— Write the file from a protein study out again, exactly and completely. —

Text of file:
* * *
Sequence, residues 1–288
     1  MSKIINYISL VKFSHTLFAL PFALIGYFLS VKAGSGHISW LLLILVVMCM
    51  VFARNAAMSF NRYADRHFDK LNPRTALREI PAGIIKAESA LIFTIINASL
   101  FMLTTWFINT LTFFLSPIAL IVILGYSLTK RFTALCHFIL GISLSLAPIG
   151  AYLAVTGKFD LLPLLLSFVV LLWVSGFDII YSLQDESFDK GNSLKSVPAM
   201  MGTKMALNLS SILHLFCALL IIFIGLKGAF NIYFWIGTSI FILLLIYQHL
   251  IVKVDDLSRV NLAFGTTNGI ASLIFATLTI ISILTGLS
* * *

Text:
Sequence, residues 1–288
     1  MSKIINYISL VKFSHTLFAL PFALIGYFLS VKAGSGHISW LLLILVVMCM
    51  VFARNAAMSF NRYADRHFDK LNPRTALREI PAGIIKAESA LIFTIINASL
   101  FMLTTWFINT LTFFLSPIAL IVILGYSLTK RFTALCHFIL GISLSLAPIG
   151  AYLAVTGKFD LLPLLLSFVV LLWVSGFDII YSLQDESFDK GNSLKSVPAM
   201  MGTKMALNLS SILHLFCALL IIFIGLKGAF NIYFWIGTSI FILLLIYQHL
   251  IVKVDDLSRV NLAFGTTNGI ASLIFATLTI ISILTGLS